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Choosing a Retirement Community

Perhaps you've seen ads for a new "over 55" luxury condominium development in your town. Or another winter of shoveling has finally convinced you that it's time to move to a warmer climate. You're looking forward to life in a retirement community, but with so many options, how do you choose the right one?

Beginning the search

The first step is to think about where you want to live, how you want to spend your retirement years, and what type of home you can realistically afford. All retirement communities are designed with the needs of older adults in mind, but they provide different living arrangements, activities, and services.

One option that's become increasingly popular is the "active adult" community. Usually centered around a fitness facility, a clubhouse, or a golf course, this type of community offers many social and recreational opportunities, such as clubs, meals, and walking trails.

Other retirement complexes are geared toward individuals who want flexible living arrangements and services. These complexes may contain a variety of housing types, including independent-living, assisted-living, and long-term care facilities. They often offer extended assistance with daily tasks such as shopping and housekeeping, and emphasize easy access to health care.

For example, increasingly popular options for those 62 or older, who meet financial and health thresholds, are continuing care retirement communities (CCRCs) and fee-for-service continuing care retirement communities (FFSCCRCs). These adult communities offer, under one contract (and usually all in one location), an independent living unit (typically an apartment or cottage), residential amenities, and access to a continuum of long-term care services as residents' health and social needs change over time. These are just some of the options--many others are available.

The cost of convenience

Homes available within retirement communities can be as diverse as the communities themselves, and range from small apartments in the city to luxury homes on the ocean. No matter which type of home you choose, make sure it will meet your needs both now and in the future. More and more homes in retirement communities are incorporating universal design features, a trend that's likely to continue. These features include one-level living, extra lighting, easy-to-open doors and cabinets, and security systems that make day-to-day living simpler and safer for people of all ages.

But the convenience of retirement living usually comes at a price. That price includes not only rental or mortgage payments, utilities, and insurance, but also any up-front or ongoing fees you'll owe. For example, a retirement community may charge a hefty fee for "buying in" to the community. One ongoing fee you may need to factor in is a homeowners or community association fee that may add hundreds, or even thousands, of dollars to your monthly housing costs. In general, the higher this fee, the more services or amenities are included, but make sure you understand what you're getting for your money. And don't forget about taxes. Even states with no state income tax may have high property taxes, sales and restaurant taxes, or "hidden" taxes on luxury goods or investments. A financial professional or tax advisor can help you determine the impact taxes will have on your finances.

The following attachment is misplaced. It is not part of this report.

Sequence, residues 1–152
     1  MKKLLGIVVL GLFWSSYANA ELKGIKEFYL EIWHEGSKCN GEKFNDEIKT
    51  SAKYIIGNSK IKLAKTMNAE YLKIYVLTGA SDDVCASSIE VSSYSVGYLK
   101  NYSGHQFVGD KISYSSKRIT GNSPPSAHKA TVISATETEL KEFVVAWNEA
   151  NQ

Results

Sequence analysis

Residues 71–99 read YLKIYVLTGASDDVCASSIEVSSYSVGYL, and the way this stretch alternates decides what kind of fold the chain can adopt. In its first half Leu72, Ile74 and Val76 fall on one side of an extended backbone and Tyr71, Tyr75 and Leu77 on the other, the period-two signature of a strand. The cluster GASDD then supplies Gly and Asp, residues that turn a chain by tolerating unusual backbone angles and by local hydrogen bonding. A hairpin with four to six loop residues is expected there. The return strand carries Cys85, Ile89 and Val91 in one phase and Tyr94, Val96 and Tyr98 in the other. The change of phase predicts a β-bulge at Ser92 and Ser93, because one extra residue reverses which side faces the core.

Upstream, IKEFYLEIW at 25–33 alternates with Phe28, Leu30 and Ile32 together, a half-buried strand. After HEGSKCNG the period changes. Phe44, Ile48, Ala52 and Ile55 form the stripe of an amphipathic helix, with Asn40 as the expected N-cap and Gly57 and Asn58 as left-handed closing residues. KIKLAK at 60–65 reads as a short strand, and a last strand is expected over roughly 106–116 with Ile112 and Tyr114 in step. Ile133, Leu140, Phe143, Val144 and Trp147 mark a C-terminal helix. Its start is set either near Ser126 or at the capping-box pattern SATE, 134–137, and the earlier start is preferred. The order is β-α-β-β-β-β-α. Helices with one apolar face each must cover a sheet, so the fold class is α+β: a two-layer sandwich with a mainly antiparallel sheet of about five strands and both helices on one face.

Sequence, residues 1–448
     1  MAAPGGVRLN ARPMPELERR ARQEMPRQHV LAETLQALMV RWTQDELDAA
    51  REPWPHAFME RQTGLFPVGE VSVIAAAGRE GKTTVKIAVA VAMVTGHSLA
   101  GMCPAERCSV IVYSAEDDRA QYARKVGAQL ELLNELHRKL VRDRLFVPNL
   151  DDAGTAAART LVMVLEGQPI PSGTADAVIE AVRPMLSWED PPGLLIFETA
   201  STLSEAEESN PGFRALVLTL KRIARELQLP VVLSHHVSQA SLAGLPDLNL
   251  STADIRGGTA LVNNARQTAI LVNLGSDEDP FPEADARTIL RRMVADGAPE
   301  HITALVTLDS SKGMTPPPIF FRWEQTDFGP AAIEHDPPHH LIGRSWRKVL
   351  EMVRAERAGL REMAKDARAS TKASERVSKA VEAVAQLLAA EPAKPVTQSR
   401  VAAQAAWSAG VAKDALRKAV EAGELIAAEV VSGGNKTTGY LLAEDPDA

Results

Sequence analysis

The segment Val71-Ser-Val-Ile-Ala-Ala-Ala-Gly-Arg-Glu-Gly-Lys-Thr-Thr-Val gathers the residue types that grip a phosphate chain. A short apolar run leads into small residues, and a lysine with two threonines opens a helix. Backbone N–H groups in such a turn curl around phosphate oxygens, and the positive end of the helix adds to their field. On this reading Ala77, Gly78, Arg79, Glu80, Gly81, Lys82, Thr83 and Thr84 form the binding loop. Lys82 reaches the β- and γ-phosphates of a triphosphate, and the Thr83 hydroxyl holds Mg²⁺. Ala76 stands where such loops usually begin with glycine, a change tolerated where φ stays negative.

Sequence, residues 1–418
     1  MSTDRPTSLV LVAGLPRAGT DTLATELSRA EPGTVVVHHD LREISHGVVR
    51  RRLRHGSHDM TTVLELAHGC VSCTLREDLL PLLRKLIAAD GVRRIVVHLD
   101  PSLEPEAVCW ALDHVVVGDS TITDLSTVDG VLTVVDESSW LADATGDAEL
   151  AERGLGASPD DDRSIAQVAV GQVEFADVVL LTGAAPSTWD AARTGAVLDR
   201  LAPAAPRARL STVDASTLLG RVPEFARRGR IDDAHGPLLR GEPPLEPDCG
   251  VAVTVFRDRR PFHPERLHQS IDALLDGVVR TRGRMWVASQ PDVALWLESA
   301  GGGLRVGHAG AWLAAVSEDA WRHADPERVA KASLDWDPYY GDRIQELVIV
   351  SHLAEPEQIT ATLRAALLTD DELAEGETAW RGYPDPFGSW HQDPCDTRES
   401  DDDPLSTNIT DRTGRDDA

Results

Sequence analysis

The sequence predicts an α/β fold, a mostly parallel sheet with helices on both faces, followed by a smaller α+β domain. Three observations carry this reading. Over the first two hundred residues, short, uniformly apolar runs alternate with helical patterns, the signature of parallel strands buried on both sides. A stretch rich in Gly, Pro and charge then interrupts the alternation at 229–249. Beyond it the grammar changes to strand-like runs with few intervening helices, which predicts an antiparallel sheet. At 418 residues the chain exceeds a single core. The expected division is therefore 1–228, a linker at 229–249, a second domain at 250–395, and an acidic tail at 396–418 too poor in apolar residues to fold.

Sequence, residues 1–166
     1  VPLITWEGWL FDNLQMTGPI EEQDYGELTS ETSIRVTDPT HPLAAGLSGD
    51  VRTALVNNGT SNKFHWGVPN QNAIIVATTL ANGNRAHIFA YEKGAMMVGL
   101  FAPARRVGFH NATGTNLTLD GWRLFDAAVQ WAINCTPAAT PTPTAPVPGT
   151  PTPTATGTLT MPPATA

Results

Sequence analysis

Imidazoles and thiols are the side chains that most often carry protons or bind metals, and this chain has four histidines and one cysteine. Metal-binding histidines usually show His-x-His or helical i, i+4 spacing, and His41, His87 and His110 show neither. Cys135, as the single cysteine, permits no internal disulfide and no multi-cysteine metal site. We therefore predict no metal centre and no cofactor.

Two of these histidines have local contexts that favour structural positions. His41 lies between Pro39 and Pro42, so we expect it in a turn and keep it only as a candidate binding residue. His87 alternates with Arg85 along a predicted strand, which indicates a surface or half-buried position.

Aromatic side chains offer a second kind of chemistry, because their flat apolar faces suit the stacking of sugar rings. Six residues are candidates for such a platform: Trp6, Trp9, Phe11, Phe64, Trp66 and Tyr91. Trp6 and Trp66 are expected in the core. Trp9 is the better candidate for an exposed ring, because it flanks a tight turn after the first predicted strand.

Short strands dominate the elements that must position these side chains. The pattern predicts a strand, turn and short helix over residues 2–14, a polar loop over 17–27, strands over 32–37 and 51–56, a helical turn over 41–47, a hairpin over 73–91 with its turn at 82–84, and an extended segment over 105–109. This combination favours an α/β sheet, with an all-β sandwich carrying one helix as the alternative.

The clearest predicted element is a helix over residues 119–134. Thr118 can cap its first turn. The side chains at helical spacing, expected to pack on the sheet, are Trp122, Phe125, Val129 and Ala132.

And so that there are no unpleasant surprises, you should also consider the potential for costs to rise. Living in a community where costs for housing and services are constantly on the upswing is at best annoying, and at worst, financially devastating.

Try before you buy

Popular communities often have waiting lists, so it's a good idea to do your homework in advance. Start with a visit. If you're traveling out of town, find out if the community you're visiting offers a special travel package for potential residents--many do. If you're searching locally, visit each prospective community at least two or three times.

A checklist of questions to ask can come in handy when researching retirement communities. Here are a few items to include:

  • Is the property well maintained?
  • Is the atmosphere casual or formal?
  • What social, recreational, and educational activities are available?
  • Is public transportation nearby, or is van service available?
  • Are pets allowed?
  • Are guests restricted?
  • Is medical care provided?
  • Which services are included, and which are available at additional cost?
  • Has the facility been accredited?

Most importantly, talk to residents and staff about their experiences--you'll get a much more realistic picture of life in a retirement community than you can glean from a brochure.